Brutalist architecture is a movement in architecture that flourished from the 1950s to the mid-1970s, descended from the modernist architectural movement of the early 20th century. Brutalism became popular with governmental and institutional clients, with numerous examples in Britain, France, Germany, Japan, the United States, Canada, Brazil, the Philippines, and Australia. Examples are typically massive in character (even when not large), fortress-like, with a predominance of exposed concrete construction, or in the case of the "brick brutalists" ruggedly detailed brickwork and concrete together. There is often an emphasis on graphically expressing in the external elevations and in the whole-site plan the main functions and people-flows of the buildings. Brutalism became popular for educational buildings (especially university buildings), but was relatively rare for corporate projects. Brutalism became favoured for many government projects, high-rise housing, and shopping centres to create an architectural image that communicated strength, functionality, and frank expression of materiality.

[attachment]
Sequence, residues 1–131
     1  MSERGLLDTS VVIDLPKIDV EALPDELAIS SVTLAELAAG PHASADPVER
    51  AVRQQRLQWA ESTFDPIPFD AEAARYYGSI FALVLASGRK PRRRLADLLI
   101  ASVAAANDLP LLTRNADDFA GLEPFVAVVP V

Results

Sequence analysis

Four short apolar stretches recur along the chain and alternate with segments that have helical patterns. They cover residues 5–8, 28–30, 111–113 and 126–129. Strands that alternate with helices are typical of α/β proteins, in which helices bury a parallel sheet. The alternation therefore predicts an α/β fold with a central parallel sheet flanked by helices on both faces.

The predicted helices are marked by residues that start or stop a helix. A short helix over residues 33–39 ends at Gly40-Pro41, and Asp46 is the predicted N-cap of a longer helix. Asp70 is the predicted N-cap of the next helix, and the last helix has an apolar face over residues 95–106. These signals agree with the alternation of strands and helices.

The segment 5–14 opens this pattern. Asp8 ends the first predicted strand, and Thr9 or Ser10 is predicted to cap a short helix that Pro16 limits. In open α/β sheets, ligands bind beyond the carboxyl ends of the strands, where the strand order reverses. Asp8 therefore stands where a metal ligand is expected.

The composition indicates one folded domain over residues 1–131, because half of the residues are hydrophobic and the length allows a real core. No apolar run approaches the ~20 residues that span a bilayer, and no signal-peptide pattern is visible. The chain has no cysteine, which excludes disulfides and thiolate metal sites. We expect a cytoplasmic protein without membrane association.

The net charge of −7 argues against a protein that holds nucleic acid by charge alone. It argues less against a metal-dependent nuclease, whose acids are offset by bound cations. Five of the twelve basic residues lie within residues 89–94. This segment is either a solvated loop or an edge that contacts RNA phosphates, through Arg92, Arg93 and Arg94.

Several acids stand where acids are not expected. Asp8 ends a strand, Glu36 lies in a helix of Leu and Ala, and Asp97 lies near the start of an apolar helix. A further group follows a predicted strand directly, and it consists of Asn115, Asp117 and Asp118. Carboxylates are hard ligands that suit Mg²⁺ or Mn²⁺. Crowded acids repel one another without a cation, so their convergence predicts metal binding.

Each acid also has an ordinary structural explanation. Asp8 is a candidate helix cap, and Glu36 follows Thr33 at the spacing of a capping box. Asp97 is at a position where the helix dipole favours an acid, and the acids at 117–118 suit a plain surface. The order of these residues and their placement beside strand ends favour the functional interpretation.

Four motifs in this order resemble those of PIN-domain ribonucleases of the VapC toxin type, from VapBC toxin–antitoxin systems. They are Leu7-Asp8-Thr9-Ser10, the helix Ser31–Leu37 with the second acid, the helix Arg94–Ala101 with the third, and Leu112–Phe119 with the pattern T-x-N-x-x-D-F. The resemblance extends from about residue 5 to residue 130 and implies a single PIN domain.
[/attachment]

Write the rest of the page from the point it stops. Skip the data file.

Brutalist buildings are usually formed with repeated modular elements forming masses representing specific functional zones, distinctly articulated and grouped together into a unified whole. Concrete is used for its raw and unpretentious honesty, contrasting dramatically with the highly refined and ornamented buildings constructed in the elite Beaux-Arts style. Surfaces of cast concrete are made to reveal the basic nature of its construction, revealing the texture of the wooden planks used for the in-situ casting forms. Brutalist building materials also include brick, glass, steel, rough-hewn stone, and gabions. Conversely, not all buildings exhibiting an exposed concrete exterior can be considered Brutalist, and may belong to one of a range of architectural styles including Constructivism, International Style, Expressionism, Postmodernism, and Deconstructivism.
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